Mastercard's 'Spotlight' On The Visually Impaired, Priceless
How do you engage an audience? Through sound? Compelling visuals? Narrations? What if you did it with all three? Perhaps these are the questions Mastercard asked during the conception of their new ‘Spotlight’ ad. Promoting the Touch Card, a first-of-its-kind accessible payment card system, Mastercard merged inclusivity and accessibility. In a world where advertisements are largely marketed to sighted people, Mastercard put the visually impaired community front and center.
Created by McCann New York, the ad takes audiences on a walk to a local coffee shop with ‘Marjorie,’ played by Marilee Talkington, an actress, writer, director, creator, consultant, and disability advocate. Through thoughtful narration, audiences are brought into the everyday life of the visually impaired.
Raja Rajamannar–chief marketing and communications officer and president, healthcare Mastercard–stated, “As a company, we want to be all about inclusion…Disability is a big aspect we all have to pay attention to.”
According to the World Health Organization (WHO), “globally, at least 2.2 billion people have a near or distance vision impairment.” In the U.S. alone, 61 million Americans live with a disability–falling into one of six types: mobility, cognition, hearing, vision, independent living, and self care. The numbers are significant enough to ponder why more advertisements do not cater to the disabled.
While we may not be able to pin an exact reason, marketers are beginning to focus their attention on consumers with disabilities, a segment of the population that has long existed and, in spite of their spending power, have been overlooked, misrepresented, and stereotyped.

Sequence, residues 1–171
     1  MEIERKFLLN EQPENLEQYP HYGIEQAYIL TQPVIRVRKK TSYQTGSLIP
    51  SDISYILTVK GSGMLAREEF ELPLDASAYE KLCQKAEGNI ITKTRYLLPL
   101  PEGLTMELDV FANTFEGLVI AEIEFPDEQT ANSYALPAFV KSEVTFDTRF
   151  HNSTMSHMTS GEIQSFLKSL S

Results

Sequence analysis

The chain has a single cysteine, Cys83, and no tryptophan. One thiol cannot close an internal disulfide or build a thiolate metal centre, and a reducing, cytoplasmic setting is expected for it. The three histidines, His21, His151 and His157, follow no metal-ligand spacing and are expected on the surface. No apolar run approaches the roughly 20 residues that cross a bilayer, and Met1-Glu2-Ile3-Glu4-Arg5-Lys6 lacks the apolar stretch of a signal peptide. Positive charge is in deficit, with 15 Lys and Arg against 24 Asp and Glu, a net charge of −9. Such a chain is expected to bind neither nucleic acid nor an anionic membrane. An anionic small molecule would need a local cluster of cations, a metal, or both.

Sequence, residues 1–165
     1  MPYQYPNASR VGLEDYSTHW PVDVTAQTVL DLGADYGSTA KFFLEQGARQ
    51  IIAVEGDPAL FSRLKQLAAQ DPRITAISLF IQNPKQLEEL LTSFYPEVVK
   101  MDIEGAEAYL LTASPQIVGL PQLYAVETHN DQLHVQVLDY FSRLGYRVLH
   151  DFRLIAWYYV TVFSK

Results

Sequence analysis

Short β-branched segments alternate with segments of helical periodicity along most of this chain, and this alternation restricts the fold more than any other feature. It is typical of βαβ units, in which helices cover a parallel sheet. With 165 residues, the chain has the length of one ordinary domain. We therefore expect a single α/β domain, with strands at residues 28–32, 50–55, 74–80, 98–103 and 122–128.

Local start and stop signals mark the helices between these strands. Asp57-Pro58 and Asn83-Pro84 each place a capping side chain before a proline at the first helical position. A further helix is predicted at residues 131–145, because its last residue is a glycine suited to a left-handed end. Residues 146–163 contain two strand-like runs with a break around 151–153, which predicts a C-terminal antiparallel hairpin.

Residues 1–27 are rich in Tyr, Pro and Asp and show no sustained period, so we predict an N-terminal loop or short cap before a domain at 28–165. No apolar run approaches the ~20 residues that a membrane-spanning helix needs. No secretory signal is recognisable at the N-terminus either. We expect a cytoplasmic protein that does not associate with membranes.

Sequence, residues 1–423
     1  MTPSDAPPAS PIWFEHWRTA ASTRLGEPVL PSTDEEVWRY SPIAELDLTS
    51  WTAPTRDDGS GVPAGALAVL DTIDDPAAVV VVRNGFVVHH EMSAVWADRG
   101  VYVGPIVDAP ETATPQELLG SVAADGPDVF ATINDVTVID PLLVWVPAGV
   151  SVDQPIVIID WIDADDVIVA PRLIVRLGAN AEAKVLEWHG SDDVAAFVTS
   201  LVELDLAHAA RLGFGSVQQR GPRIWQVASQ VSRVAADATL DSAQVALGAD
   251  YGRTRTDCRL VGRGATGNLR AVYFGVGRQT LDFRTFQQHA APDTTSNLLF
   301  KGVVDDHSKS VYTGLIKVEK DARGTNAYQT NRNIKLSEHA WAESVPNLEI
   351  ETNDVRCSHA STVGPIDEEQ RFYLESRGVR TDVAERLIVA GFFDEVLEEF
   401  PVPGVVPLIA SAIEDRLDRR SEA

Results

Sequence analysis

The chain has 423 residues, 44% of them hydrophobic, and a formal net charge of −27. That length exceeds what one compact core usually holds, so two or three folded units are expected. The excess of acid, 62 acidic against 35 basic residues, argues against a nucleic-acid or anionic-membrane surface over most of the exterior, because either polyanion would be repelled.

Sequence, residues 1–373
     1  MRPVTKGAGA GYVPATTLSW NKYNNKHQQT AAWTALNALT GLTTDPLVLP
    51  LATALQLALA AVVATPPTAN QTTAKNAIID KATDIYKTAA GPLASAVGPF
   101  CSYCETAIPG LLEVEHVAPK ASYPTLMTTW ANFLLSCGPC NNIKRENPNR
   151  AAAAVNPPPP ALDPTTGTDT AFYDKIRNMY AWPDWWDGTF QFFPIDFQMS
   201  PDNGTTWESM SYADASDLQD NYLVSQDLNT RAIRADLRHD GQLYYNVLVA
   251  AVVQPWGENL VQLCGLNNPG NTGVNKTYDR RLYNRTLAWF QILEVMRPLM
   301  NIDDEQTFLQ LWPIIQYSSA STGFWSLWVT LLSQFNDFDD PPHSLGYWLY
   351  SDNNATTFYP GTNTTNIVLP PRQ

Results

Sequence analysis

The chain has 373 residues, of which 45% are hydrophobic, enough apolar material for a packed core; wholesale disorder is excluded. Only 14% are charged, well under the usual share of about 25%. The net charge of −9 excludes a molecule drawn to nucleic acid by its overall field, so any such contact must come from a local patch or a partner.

To engage the disabled community, values such as authenticity and accessibility must be at the forefront. Mastercard, in partnering with organizations such as VISIONS and the Royal National Institute of Blind People (RNIB), took a step in promoting such values by first, working with an actress who is a member of the disabled community versus an actress portraying a disability. Secondly, the company utilizes descriptive audio; which allows people with visual impairments to follow along with what is taking place. The one missing component, to bring the ad full circle, is closed captions–making it possible for people with hearing impairments to be fully engaged.
Appealing to an audience, as companies and marketers are learning, goes beyond traditional methods such as visuals and targeting select groups. These entities have the potential to create immersive experiences that involve engaging all audiences and even incorporating senses, other than sight, into their marketing.
Mastercard, following in the footsteps of several other companies, in creating an ad that highlights the disabled community and their consumer needs, has joined the campaign for disability inclusion. If only one word can be used to describe their attempt to engage multiple senses, captivate communities of people, and create connections, it is only fitting that that word be priceless.
About the author: Latanya Muhammad is a freelance writer and the owner of CITYS, LLC, a digital content company offering copywriting, editing, and content creation. To connect, submit all inquiries to firstname.lastname@example.org or visit @citys.llc on Instagram.